Private equity firms are known for their ability to dramatically increase the value of their investments. This is made possible by their aggressive use of debt, which provides financing and tax benefits. Additionally, these firms focus on improving cash flow and margins. The firms’ focus on these areas is often unfettered by the restrictions of a public company’s boards of directors.
Private equity funds typically charge investors a high amount of fees. These firms can charge as much as 20% of the profits they generate. Fees can be based on performance, and general partners and fund managers are paid performance fees. Typically, private equity funds charge investors a “2 and 20” annual fee structure, meaning that investors are charged 2% of the assets managed and 20% of the profits they generate. Investors should also be aware that private equity investments are high risk.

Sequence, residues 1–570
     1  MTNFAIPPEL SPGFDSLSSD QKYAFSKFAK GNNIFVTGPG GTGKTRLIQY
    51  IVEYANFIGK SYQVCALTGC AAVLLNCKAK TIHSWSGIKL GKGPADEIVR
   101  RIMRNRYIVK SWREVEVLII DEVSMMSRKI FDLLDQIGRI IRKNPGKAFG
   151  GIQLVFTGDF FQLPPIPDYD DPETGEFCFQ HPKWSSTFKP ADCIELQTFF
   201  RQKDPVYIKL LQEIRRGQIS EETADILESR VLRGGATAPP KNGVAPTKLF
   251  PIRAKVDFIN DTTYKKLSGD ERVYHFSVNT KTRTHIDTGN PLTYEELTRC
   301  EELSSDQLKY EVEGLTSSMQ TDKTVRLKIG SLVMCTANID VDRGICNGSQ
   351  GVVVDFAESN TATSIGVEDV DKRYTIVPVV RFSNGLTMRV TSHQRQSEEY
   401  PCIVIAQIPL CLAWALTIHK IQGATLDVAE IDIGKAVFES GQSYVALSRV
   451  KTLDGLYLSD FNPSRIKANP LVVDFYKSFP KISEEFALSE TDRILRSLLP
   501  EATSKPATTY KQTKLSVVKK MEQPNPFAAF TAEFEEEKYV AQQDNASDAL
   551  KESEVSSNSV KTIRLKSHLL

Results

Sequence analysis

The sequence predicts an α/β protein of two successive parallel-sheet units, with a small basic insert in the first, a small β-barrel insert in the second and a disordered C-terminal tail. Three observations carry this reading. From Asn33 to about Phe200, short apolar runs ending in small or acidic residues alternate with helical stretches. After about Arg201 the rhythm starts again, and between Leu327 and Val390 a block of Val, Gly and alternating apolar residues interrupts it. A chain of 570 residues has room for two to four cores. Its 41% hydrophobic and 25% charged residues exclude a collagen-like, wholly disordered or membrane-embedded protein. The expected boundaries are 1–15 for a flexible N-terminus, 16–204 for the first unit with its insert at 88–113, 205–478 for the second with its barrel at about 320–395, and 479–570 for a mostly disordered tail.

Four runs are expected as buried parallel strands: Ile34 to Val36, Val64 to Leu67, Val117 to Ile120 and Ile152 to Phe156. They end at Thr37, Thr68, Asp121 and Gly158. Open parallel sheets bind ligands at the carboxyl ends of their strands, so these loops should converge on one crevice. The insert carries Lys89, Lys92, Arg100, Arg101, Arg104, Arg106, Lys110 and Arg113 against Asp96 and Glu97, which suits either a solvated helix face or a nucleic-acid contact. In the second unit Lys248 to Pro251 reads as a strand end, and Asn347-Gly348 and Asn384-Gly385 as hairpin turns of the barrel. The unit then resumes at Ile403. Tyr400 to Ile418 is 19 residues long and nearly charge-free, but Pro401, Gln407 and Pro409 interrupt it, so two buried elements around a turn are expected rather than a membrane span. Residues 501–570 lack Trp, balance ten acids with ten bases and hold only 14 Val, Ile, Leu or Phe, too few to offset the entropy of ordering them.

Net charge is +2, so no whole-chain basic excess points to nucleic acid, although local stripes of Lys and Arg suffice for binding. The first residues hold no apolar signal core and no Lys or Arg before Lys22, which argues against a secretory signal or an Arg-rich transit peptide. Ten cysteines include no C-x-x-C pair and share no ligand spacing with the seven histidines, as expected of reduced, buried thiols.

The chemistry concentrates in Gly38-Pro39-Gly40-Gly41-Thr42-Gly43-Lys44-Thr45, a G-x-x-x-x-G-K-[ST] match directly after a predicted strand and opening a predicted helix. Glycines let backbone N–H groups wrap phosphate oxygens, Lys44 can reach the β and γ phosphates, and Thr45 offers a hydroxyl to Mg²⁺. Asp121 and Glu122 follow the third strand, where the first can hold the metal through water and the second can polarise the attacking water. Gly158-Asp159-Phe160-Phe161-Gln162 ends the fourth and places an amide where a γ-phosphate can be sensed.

Taking a public company private is a great way to improve the company’s performance, but it also presents new challenges. This process requires substantial changes in management, and tests the abilities of the private equity firm. For example, when KKR and GS Capital Partners took the Wincor Nixdorf unit from Siemens, the company’s management worked with the private equity firm and followed its plan. Private equity firms may also have to replace top management teams, which means they need to come up with a new strategy.
Private equity firms develop know-how very quickly. For example, the largest private equity fund in Europe, Permira, has made 30 substantial acquisitions and 20 successful disposals of independent businesses. Most public companies do not develop such depth of experience.